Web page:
Giugiaro clearly hasn’t lost any sleep over this debacle. He is the most successful and influential car designer in the world for the last half century. He has designed more than 100 cars, ranging from reliable classics such as the Volkswagen Golf and Fiat Panda to luxury cars such as the Maserati Ghibli and Lotus Esprit. Unbeknownst to most people, one of the earlier cars designed by this super-designer from the noodle-obsessed nation of Italy was the Pony, a small hatchback car launched in 1975 by the Hyundai Motor Company, then a completely unknown automaker from that other noodle-obsessed nation, South Korea.

The Hyundai Group’s core business was initially construction, but it began to focus on higher productivity industries in the late 1960s. Automobiles was the first of these ventures in a joint venture with Ford to assemble the Cortina car developed by Ford UK using mostly imported parts. In 1973, however, Hyundai announced that it would end its relationship with Ford and produce its own locally designed car, the Pony. In its first full year of production, 1976, HMC produced just over 10,000 Pony cars – 0.5% of the Fords produced that year. When Ecuador imported Hyundai cars in June 1976, the Korean nation rejoiced. The fact that Ecuador bought only five Pony cars was dismissed as a minor detail; what mattered was that foreigners wanted to buy cars from Koreans—a nation of people then known for making wigs, sewing clothes, stuffed toys—namely, things that required cheap labor.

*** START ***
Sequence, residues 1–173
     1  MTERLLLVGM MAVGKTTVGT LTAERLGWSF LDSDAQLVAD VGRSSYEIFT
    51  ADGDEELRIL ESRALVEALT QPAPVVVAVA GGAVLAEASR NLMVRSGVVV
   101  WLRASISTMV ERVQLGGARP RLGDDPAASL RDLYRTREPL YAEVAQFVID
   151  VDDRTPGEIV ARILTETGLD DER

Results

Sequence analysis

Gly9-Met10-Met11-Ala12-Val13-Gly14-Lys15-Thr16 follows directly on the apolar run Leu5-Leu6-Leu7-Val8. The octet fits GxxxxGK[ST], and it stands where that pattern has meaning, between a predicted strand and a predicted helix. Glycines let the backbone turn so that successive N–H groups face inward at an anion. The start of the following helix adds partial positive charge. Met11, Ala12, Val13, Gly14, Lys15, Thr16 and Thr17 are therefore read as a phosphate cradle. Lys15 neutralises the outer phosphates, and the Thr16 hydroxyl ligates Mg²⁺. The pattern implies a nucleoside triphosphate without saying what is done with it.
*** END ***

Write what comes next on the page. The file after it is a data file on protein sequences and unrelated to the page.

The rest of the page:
Despite this inauspicious beginning, Hyundai grew at an incredible pace in the following years. In 1986, it made a grand entry into the American market with its Excel model (an improved version of the Pony), which was named one of the 10 most remarkable products of the year by the American business magazine Condition. In 2009, Hyundai produced more cars than Ford.